We’d like to know what job responsibilities give CIOs insomnia, either by responding to this blog or by contacting us directly to be interviewed. The interviews will take less than an hour and go over this question as well as others including:
- What decisions do you regularly make?
- What sources of information do you use?
- What IT decisions are made by IT versus the business?
We are in the early stages of interviews, but the initial responses to the question of what keeps CIOs up at night were very interesting. Some, as expected, focused on tactical and immediate problems. They included:
- Security: “I don’t ever want to see [my company’s] name in the paper for a security problem.”
- Small mistakes: “A tiny piece of code could have brought the organization to its knees.”
- Turnover: “We have two people maintaining one of our ancient core systems, and both could retire soon.”
But there were unexpected responses in that they focused on the long term. Some of these long-term insomnia inducers were:
- Investments: “Does the money I’m putting in now make sense for the future?”
- Staff leadership: “Do I have the right mix of outsourced and internal staff?”
- Reality: “I’m struggling matching reality with where we’re heading.”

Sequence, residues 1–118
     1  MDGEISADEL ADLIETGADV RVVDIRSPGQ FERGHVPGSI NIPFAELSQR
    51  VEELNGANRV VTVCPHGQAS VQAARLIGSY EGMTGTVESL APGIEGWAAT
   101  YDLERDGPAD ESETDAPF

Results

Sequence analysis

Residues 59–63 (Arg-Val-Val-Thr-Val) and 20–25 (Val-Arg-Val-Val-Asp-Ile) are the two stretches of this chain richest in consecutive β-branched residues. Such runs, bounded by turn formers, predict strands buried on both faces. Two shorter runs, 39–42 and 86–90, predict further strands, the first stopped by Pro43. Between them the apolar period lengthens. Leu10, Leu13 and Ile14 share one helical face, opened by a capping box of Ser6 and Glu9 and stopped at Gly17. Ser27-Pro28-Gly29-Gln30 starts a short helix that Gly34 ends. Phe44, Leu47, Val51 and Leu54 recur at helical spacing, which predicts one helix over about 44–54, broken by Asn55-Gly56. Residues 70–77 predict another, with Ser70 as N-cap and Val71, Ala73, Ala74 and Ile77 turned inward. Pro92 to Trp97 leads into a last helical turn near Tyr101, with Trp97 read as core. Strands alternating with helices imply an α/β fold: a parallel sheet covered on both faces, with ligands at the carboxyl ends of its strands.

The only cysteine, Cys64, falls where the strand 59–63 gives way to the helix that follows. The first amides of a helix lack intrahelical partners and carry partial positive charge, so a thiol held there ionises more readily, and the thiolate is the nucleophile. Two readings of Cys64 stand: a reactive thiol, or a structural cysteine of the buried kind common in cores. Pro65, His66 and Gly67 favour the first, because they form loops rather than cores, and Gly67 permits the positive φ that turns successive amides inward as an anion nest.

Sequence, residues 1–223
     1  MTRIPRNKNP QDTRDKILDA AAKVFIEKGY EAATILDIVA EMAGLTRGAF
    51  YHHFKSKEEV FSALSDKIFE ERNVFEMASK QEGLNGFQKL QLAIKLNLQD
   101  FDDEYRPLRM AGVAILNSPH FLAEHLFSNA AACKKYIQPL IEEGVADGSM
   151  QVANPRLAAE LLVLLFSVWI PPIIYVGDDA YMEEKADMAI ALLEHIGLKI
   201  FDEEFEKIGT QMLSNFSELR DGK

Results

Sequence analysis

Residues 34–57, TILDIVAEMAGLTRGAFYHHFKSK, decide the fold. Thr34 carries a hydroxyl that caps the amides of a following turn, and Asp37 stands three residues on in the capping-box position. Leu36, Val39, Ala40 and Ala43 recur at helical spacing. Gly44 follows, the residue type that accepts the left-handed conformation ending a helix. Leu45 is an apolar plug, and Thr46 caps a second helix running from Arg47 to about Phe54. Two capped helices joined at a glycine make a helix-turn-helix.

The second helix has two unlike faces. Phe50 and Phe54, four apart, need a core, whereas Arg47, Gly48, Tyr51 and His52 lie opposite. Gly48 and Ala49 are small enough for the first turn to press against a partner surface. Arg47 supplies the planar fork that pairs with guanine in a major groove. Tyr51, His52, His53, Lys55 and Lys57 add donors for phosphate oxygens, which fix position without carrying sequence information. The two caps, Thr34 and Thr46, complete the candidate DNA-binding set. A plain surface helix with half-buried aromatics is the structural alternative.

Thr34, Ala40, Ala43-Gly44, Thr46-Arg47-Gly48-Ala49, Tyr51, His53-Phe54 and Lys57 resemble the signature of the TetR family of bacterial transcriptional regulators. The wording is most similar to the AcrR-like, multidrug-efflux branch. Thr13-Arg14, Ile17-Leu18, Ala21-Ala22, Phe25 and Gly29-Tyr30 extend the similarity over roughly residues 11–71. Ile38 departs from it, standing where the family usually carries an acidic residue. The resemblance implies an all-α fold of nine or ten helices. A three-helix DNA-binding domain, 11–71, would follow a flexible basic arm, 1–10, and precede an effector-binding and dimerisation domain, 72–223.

It appears that so far, what keeps CIOs awake has a common cause — uncertainty. It's not knowing what's coming at them or whether what they're doing now, will pay off in the future. For those long-term concerns, it’s the investments that don’t immediately translate to business benefits. For example, will replacing a homegrown application with a cloud-based one pay off over the long term? For the short term, it’s the unknown immediate threats such as staff’s ability to react quickly enough to the next cyberattack given that they happen regularly and are always changing.
We invite your comments either to this blog or through an interview.
If willing to be interviewed, thank you and please contact Lindsey Coit (firstname.lastname@example.org).